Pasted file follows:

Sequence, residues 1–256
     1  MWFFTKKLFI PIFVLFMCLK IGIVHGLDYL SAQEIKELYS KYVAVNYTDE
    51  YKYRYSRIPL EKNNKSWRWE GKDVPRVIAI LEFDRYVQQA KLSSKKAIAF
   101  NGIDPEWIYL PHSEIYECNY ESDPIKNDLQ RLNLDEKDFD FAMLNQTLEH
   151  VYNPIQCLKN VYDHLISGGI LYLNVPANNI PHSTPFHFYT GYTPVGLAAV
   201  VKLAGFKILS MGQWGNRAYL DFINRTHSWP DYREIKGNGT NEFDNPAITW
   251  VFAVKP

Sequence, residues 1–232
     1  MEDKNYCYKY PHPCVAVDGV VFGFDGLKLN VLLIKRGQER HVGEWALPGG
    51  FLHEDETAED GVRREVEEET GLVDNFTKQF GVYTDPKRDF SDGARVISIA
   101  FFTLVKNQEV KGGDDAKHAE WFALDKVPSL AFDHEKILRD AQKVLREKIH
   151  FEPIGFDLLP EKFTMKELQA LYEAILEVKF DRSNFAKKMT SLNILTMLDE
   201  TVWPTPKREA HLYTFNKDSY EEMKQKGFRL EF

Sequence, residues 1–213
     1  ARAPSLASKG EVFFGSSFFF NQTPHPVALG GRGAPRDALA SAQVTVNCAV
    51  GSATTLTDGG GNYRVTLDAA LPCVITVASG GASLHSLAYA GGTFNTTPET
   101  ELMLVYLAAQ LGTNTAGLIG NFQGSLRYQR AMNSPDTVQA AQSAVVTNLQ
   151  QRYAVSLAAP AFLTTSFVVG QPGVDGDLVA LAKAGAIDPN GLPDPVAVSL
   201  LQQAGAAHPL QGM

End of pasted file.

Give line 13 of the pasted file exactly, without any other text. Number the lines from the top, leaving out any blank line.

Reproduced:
   201  TVWPTPKREA HLYTFNKDSY EEMKQKGFRL EF